take something off someone's plate

JungKim

Senior Member
Korean
In an American movie called "The Intern", there is this line (or something like that):
Our investors think a seasoned CEO could take some things off your plate.
Apparently, the line was spoken by an employee of a company to the young CEO.

After this discussion, they started interviewing "seasoned CEO candidates" to pick the right one for the company. So, in context, "take some things off your plate" seems to mean "help you out with some things".

Is this a common expression?
 
Last edited:
  • Copyright

    Senior Member
    American English
    In my experience, "take some things off your plate" is not common, but "you have too much on your plate" is. Of course, if you know that last one, then anything else involving plate/responsibilities will be understandable.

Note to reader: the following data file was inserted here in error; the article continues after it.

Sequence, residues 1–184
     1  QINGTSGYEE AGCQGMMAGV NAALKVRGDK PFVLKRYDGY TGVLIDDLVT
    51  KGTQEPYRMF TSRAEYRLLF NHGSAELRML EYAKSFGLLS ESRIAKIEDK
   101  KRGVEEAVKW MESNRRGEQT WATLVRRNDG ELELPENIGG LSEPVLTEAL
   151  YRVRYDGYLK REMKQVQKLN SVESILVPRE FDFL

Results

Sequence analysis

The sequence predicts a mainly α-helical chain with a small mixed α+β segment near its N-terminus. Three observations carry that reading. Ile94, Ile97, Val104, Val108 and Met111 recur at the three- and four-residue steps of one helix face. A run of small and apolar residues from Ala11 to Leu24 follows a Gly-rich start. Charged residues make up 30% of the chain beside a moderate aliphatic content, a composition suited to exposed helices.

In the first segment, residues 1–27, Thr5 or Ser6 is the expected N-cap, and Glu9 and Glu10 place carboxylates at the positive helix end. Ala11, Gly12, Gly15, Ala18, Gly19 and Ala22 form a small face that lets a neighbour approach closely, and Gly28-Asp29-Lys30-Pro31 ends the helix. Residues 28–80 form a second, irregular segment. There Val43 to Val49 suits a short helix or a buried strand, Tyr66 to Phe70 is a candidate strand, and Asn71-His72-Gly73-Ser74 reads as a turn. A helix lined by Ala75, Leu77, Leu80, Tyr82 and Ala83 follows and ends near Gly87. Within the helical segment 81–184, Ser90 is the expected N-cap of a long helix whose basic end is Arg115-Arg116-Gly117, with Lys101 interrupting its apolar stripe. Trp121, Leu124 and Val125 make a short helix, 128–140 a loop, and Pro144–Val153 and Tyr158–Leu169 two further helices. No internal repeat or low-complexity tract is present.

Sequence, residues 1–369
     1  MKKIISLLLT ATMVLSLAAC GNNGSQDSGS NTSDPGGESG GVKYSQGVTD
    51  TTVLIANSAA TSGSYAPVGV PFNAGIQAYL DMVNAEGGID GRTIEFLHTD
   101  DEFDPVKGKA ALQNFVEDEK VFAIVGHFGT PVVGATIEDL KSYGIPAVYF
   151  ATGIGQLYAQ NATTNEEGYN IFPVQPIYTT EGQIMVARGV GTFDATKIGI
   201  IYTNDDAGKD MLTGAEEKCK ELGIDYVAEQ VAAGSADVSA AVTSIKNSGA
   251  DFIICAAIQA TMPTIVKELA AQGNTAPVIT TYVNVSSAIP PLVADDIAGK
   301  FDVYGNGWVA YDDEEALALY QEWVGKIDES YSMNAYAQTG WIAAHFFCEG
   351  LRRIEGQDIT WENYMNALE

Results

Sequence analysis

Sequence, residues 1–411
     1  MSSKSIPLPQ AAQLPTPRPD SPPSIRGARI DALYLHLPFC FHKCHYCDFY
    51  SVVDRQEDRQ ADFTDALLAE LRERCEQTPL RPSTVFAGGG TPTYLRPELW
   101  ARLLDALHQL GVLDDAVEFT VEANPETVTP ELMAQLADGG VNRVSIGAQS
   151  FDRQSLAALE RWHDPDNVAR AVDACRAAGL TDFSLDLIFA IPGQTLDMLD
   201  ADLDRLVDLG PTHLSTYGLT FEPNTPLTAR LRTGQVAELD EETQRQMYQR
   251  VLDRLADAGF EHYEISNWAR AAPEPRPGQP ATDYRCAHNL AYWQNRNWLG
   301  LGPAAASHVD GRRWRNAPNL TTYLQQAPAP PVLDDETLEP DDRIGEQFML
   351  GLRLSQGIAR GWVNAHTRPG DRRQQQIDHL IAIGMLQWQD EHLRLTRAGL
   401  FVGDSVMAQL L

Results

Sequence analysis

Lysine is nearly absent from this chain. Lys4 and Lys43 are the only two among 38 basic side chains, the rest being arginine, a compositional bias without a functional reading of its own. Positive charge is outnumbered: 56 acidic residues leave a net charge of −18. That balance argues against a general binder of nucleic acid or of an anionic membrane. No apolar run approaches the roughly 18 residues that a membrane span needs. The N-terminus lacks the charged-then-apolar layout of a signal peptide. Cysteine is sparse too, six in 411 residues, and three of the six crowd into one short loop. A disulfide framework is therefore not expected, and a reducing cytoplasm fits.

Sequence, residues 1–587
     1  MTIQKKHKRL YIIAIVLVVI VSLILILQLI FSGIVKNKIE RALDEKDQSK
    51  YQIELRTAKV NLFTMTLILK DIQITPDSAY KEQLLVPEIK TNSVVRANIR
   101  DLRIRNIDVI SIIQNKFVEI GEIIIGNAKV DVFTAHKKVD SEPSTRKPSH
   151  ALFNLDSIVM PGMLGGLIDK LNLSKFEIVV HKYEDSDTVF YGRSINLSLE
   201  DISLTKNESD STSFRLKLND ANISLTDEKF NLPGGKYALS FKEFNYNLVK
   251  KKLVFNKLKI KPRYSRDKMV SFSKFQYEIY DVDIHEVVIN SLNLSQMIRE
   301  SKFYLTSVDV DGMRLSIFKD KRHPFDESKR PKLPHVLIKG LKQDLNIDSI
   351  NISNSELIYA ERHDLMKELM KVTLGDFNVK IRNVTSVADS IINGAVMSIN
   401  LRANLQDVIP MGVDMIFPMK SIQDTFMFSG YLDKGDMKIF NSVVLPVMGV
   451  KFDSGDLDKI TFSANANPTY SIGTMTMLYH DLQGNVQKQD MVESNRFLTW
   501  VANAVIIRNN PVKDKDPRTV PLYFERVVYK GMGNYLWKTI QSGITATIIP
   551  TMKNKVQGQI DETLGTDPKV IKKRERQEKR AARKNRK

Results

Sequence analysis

JungKim

    Senior Member
    Korean
    So, do "some things" and "too much" in this type of expression refer to food, figuratively?

    And "food" here somehow refers to some sort of responsibility?
     

    Copyright

    Senior Member
    American English
    No, it refers to responsibilities/jobs, not food. It's figurative ... to have all these on your plate and you have to clean your plate, i.e. finish all these responsibilities and job, before you can leave the table (which will never happen because you'll just keep getting more put on your plate).
     
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